Boutis Update

Cathedral Window, Silk Jewels and Brush with a Balistic Strawberry

Over the last several weeks, a great deal of my stitching time has been devoted to boutis; there is the on-going stitching on some of the larger projects, other projects where the stitching has been completed, as well as some new designs and patterns in the works. Below are a few of these projects.

Holding a boutis piece up against the light makes the stitching a lot easier to see. Below is the progress so far on my cathedral window.

The next photo shows a close-up of the stitching. Aside from the small circles, which will become rosettes, most of the piece is being stitched using a tiny backstitch. The backstitch slows down the process, but it enhances the channels and gives the pattern more definition once corded.

A very recent project is a series of silk keepsake box covers. I love the look of silk with boutis, with it’s rich and vibrant colours that add a touch of drama to the relief in the finished corded piece. My small collection of silks had been tempting me for a while, so I decided it was time to give them some attention.

This pattern has been adapted from a previous pattern to accommodate a round top.

The diameter of the pattern is 4 1/2 inches, a little larger than the box to accommodate the shrinkage that occurs because of the close stitching and the cording.

Below, the project is stitched and ready to be corded. Using mostly the running stitch, it stitched up quite quickly.

The stitching is more visible on the back. The two rows of broken lines near the perimeter form a pattern called “point de Vauvert”. Each little section of the line is comprised of 3 evenly spaced backstitches, where the thread travels between the layers to get from one line to the next.

Working with white fabric is always a bit nerve-racking. Aside from the normal handling that leaves it’s mark, fingers do get pricked, coffee can splash, pens can leak, etc. It’s always a relief when a project is completed without disaster, as was the case with the butterfly pouch below. Enter a “show and tell” around our dinner table a few weeks ago, where strawberry parfaits had just been served. BIG MISTAKE! In my enthusiasm to regale my friends with boutis lore, (on their request, may I add) my over excited, uncontrolled hands sent my strawberry coated spoon sailing through the air, landing directly on the lower right hand corner of the stitched butterfly pouch below. It seems my hands were not the only things uncontrolled at that point. My poor little 4 legged friend Winston had to have his ears covered. Apparently my choice of words, prompted by the near disaster, were not appropriate for such delicate ears. My most sincere apologies Winston.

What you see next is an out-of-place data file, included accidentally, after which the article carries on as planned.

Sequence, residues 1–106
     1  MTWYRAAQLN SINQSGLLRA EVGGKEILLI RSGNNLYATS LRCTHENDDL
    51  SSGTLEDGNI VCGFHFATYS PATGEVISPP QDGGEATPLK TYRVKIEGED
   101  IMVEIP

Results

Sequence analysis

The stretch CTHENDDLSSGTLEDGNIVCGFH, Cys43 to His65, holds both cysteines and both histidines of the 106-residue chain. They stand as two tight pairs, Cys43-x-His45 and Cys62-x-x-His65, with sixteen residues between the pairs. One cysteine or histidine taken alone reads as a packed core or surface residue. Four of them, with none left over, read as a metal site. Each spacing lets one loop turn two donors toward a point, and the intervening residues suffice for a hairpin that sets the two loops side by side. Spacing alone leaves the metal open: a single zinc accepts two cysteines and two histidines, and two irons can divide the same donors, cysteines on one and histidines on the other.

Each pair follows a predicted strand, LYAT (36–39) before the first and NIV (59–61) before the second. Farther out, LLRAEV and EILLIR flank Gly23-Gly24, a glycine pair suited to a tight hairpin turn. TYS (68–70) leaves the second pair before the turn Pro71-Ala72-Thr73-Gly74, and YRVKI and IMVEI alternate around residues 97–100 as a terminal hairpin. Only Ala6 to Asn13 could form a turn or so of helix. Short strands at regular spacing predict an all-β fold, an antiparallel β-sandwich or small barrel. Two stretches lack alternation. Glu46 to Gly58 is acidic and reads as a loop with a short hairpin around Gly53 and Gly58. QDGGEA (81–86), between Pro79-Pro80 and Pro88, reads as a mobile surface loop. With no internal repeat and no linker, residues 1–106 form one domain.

The story does have happy ending however. Immediate rinsing and soaking the stain overnight in a bath of warm water and Orvus soap completely removed it. Whew! Disaster averted, lesson learned and best of all, still friends with Winston.

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About

Wiloke

Elizabeth Janzen

Boutis, a needlework technique specific to the south of France, finds itself equally comfortable in the world of embroidery and quilting. Since my interest in needlework has evolved from embroidery to garment sewing to quilting, boutis is a natural extension for me. Welcome to Seams French Boutis, where a genuine North American groupie pays homage to this genuine French tradition.

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